Broadly, our goal at the Hackathon is to improve both the Augmented Packet Header Diagram format itself, by attempting to rewrite existing I-Ds and RFCs using its syntax, and to improve the tooling, and in particular, its Rust parser generator.

Please join us: we are particularly interested in examples of packet header diagrams that might be challenging to write in the format our draft describes, and in how our tooling might fit into existing workflows.

Computerate Specifications

A computerate Specification (draft-petithuguenin-computerate-specifying) is a specification (an Internet-Draft or RFC at the IETF) that is enriched with formal specification, programming code, and mathematical proofs.

Such specifications can become very complete (and complex), but we will start by using these techniques to make sure that the examples in an Internet-Draft (I-D) are correct by construction, i.e. that they follow the specification.

So please come with your I-D at the "Formal Languages" table, and we'll help you improving the quality of the examples in your I-D.

Installing the tools

You will need the following:

  • A laptop, either running Linux or MacOS. Windows is untested yet.
  • Docker CE installed and working (https://docs.docker.com/install/).
  • A source editor: VIM, GNU Emacs, or Atom are strongly recommended because they can be integrated with Idris. Note that help for anything but VIM will be very limited.

All the tooling is available as a Docker image, which can be downloaded and installed as explained in Appendix A of draft-petithuguenin-computerate-specifying. USB keys preloaded with the latest version of the tooling will be available on the team table.

The Docker image contains VIM, Idris and the VIM extensions for Idris, but it can only be used in text mode. So it is recommended to also install Idris on your laptop (https://www.idris-lang.org/download/), a source editor, as well as the matching source editor extensions for Idris:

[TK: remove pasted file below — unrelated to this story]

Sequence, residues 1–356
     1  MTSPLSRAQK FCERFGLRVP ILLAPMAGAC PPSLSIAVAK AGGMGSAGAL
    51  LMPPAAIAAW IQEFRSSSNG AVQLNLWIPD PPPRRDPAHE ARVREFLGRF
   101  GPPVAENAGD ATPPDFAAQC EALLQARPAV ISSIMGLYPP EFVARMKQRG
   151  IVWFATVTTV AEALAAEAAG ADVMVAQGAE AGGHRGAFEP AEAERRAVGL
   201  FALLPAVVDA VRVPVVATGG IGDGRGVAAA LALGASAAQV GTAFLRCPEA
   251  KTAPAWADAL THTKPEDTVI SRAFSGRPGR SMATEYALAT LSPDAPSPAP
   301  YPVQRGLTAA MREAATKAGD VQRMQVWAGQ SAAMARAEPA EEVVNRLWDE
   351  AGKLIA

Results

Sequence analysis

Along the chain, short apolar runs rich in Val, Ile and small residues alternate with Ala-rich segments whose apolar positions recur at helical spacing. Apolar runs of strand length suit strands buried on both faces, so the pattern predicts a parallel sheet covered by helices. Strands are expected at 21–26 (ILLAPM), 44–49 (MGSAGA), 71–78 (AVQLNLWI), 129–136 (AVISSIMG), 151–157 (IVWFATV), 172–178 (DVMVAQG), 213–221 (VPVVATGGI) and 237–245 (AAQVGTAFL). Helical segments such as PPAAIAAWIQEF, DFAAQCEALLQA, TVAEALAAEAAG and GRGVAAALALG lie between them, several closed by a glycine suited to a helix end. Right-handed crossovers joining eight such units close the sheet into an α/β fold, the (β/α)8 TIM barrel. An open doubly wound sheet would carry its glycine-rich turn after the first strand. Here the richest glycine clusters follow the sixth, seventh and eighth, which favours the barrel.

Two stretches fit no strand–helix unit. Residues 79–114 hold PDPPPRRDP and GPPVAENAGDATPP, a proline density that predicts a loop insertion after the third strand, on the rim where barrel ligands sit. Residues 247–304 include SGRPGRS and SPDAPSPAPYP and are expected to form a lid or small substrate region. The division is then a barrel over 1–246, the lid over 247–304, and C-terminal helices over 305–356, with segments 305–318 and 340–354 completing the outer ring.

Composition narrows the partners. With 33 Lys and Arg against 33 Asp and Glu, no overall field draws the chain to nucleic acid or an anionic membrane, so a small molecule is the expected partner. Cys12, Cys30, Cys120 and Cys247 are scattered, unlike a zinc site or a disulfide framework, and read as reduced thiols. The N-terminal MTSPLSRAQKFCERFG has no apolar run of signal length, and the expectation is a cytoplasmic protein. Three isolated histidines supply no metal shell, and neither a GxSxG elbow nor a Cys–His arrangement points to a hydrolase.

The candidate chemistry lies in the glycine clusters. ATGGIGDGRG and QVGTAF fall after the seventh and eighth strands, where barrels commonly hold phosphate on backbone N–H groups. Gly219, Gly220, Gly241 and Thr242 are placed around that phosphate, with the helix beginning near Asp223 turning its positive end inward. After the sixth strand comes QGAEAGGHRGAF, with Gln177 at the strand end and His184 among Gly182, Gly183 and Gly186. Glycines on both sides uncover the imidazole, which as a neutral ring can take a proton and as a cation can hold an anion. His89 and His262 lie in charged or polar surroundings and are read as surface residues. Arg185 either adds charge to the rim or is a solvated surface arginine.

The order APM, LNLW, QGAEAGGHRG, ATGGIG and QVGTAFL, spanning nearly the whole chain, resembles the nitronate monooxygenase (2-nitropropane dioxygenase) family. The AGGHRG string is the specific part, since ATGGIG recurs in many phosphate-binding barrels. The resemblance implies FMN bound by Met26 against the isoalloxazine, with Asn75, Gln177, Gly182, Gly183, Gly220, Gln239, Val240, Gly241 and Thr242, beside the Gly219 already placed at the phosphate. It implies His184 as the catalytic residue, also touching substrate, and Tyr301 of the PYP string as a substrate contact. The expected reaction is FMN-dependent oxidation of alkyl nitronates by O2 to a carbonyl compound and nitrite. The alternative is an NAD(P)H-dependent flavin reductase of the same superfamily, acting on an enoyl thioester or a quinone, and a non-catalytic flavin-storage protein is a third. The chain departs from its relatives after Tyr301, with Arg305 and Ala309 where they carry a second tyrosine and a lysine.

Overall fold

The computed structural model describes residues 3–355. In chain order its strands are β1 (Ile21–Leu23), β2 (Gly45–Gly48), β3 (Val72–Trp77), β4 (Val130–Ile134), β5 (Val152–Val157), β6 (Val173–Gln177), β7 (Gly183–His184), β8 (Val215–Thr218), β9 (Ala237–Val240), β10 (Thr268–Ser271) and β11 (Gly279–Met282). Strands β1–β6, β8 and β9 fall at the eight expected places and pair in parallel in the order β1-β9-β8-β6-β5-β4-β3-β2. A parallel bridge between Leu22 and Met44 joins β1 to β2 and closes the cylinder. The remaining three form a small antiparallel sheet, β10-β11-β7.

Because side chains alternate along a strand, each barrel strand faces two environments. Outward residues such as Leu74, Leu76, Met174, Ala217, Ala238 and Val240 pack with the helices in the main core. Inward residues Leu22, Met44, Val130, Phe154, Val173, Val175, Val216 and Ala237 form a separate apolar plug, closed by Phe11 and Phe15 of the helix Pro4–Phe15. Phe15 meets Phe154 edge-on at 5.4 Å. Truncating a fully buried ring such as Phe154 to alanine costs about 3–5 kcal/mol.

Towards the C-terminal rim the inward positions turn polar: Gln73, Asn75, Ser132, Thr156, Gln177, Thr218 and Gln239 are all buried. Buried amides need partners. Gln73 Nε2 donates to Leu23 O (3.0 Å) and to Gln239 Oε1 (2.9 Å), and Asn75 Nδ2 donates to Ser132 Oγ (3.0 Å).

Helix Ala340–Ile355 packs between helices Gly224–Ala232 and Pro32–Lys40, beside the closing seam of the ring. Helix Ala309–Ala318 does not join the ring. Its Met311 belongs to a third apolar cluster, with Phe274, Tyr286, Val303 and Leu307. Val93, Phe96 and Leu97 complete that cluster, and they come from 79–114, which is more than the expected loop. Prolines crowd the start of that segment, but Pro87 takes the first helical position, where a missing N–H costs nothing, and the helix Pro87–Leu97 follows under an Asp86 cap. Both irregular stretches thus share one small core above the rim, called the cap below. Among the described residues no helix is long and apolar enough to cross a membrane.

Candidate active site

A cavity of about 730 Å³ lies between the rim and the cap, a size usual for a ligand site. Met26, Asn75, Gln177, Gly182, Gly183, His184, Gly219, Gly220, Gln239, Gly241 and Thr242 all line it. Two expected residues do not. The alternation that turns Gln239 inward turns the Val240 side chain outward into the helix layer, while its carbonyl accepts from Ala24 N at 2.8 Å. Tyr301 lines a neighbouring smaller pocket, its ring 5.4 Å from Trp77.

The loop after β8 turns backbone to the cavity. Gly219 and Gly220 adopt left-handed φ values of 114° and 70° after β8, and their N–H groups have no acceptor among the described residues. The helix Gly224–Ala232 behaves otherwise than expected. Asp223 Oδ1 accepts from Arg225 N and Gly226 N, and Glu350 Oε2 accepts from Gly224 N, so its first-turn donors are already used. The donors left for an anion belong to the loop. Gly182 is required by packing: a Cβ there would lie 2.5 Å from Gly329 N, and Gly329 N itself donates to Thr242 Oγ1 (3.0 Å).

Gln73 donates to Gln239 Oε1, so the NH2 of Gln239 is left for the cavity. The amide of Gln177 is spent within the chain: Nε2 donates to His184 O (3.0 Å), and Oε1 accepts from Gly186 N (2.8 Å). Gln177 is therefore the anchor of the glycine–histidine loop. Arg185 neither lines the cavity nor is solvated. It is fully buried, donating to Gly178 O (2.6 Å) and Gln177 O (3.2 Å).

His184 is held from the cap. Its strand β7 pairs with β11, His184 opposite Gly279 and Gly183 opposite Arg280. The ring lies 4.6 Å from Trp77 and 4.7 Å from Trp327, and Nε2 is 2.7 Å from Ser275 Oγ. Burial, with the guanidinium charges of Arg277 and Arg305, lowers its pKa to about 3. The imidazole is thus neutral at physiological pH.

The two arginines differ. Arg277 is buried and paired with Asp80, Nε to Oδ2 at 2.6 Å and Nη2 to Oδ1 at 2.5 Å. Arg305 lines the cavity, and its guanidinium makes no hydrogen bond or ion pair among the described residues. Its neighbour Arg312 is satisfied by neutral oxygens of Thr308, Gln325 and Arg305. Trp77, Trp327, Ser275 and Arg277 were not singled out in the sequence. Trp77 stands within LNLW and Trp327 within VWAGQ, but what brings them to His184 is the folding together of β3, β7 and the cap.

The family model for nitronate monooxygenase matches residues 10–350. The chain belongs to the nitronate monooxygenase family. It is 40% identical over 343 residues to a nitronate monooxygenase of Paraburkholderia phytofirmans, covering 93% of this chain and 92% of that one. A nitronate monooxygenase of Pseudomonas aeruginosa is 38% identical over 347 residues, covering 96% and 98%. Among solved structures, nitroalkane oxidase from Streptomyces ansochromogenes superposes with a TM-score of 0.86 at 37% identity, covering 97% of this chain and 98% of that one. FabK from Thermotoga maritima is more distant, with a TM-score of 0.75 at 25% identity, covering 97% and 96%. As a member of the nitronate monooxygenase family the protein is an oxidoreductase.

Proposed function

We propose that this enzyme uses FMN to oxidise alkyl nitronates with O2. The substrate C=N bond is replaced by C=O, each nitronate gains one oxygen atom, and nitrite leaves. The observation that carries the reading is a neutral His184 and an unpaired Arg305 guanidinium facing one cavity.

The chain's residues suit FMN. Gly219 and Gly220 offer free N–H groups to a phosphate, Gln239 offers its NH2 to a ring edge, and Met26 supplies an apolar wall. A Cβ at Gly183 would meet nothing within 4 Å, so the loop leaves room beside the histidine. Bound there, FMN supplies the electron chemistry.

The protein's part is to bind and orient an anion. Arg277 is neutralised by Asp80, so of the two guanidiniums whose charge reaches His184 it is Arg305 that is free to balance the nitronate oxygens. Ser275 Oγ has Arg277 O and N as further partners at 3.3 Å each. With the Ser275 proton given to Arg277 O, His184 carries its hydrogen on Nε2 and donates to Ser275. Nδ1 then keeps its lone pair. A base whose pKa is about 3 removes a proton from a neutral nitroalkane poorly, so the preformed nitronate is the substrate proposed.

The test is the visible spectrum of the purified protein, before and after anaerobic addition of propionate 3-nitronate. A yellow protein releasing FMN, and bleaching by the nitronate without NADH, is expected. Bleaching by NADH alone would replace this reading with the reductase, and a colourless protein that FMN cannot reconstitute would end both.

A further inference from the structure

Examples of computerate specifications can be retrieved as explained in Appendix B of draft-petithuguenin-computerate-specifying. These will also be made available, as will be the latest version of the draft-petithuguenin-computerate-specifying draft, on the USB keys.

The development cycle

For now we focus on syntax examples that have a direct text representation.

Converting examples in an existing I-D follow this life cycle:

  1. Develop a set of Idris datatypes that specifies the format of an example.
  2. Add an implementation of the Show interface to convert these datatypes into a text representation.
  3. Develop a function for each example in the I-D that is using an instance of the datatype.

Because of current limitations in the editor extensions, it is simpler to develop and debug these 3 steps directly as an Idris program.

When everything is working, the next step is to integrate the code inside the I-D.

  1. Convert the I-D into an AsciiRFC document (draft-ribose-asciirfc, https://www.metanorma.com/author/ietf/).
  2. Copy the Idris code in the AsciiRFC document, prefixing each line with > .
  3. Convert each example into a call to the matching function, between {` and `} delimiters.
  4. Generate the txt output by running the "computerate" command, as explained in Appendix A of draft-petithuguenin-computerate-specifying.

Bring Your Own I-D

Add your name and draft below if you plan to join us:

  • <name> <email> <draft>

Learning AsciiRFC and AsciiDoc

Learning Idris